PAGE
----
Marco Polo visited Yazd on his way to China and called it the "good and noble city of Yazd". His comments still hold true today as the reputation of the citizens of this desert city for honesty and hard work remains undiminished. The architecture of Yazd is perhaps the most traditionally Persian to be found, preserved by the hot, dry climate and spared the devastation of the Mongols and other invaders.

The badgirs, wind-catchers, are seen from Kashan to the Persian Gulf but are most highly developed in Yazd. It is also the centre for Iran’s small Zoroastrian community, who seeking refuge from the invading Arabs, found a safe haven within its fortified walls. There are many fire temples and other Zoroastrian places of pilgrimage which attract people of the faith from all over Iran.

The main Atashkadeh of Yazd is located in the old quarter of the town, holding the eternal fire considered sacred by Zoroastrians. Outside Yazd are the two abandoned Towers of Silence, Dakhma, dating back to the 17th century, where until some 40-50 years ago the dead were carried there and left to decompose and be devoured by birds. Among Yazd’s Islamic sites are the Friday Mosque, constructed in 1324 A.D. under the Mongol Il-Khan Abu-Sa’id and completed in 1375. The simple elegance of this mosque is completed by its stately portal flanked by two minarets, the highest in Iran. Other notable Islamic monuments in Yazd are the Saljuq shrine dedicated to the Twelve Shia Imams, the tomb of Seyyed Rukn-eddin, and the shrine of Seyyed Shams-eddin.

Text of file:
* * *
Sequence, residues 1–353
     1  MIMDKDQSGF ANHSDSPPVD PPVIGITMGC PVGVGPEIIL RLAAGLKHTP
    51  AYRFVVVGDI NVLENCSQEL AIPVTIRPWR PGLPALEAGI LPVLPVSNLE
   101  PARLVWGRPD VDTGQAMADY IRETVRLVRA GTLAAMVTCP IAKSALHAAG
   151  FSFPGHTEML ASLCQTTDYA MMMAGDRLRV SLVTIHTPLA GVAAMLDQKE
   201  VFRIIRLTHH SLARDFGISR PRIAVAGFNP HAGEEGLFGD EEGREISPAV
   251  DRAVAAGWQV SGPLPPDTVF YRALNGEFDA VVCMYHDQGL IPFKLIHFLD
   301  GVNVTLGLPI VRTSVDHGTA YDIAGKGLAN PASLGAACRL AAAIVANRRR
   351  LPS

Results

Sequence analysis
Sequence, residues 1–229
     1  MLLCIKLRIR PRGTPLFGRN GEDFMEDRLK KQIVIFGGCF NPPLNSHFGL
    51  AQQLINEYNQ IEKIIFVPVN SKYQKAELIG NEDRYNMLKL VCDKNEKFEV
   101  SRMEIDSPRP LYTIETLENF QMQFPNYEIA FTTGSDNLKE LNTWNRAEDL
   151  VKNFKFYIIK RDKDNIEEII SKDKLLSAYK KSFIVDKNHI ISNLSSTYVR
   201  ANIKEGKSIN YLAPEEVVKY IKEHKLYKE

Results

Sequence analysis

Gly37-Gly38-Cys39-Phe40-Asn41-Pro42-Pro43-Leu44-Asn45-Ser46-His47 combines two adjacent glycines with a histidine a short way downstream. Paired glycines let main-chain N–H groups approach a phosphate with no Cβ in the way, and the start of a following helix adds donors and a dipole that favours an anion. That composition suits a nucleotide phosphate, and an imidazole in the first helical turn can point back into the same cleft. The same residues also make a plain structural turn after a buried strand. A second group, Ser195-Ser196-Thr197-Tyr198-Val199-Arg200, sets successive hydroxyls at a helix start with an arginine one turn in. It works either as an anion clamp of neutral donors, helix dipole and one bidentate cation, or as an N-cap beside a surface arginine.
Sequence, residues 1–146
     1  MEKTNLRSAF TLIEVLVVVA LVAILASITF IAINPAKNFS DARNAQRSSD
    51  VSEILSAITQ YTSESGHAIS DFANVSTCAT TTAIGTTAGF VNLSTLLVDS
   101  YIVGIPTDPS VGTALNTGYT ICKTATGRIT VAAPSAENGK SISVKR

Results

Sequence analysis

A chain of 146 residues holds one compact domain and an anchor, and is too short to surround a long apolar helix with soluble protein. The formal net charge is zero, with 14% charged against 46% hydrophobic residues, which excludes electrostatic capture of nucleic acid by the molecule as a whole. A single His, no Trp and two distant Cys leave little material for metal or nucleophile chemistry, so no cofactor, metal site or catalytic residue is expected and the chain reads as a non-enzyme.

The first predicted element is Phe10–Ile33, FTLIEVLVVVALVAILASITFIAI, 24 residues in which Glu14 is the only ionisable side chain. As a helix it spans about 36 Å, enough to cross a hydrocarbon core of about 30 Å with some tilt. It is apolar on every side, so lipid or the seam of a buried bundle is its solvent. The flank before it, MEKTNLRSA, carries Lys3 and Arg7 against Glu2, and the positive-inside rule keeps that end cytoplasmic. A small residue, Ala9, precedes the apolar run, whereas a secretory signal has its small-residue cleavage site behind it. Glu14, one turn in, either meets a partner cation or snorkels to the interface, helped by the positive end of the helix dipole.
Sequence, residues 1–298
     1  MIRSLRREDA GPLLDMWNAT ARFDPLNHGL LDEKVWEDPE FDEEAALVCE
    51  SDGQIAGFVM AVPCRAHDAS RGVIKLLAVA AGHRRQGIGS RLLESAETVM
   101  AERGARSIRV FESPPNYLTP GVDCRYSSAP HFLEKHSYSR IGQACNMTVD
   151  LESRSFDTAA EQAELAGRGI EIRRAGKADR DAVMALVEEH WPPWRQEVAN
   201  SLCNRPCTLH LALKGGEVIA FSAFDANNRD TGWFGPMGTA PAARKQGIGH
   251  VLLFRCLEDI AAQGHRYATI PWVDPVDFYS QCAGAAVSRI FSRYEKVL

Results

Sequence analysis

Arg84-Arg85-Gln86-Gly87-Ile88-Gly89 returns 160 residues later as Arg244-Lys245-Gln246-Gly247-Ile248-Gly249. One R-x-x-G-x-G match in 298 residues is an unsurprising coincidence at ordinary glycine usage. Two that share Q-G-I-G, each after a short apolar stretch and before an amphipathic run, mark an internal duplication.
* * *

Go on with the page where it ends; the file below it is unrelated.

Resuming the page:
The Mir-Chakhmagh Square is also a famous landmark. There are many beautiful old houses in Yazd, among them the Dowlat-abad Garden, with an 18th century feudal hexagonal house, including many beautiful wall and window decorations, and also the Lari House.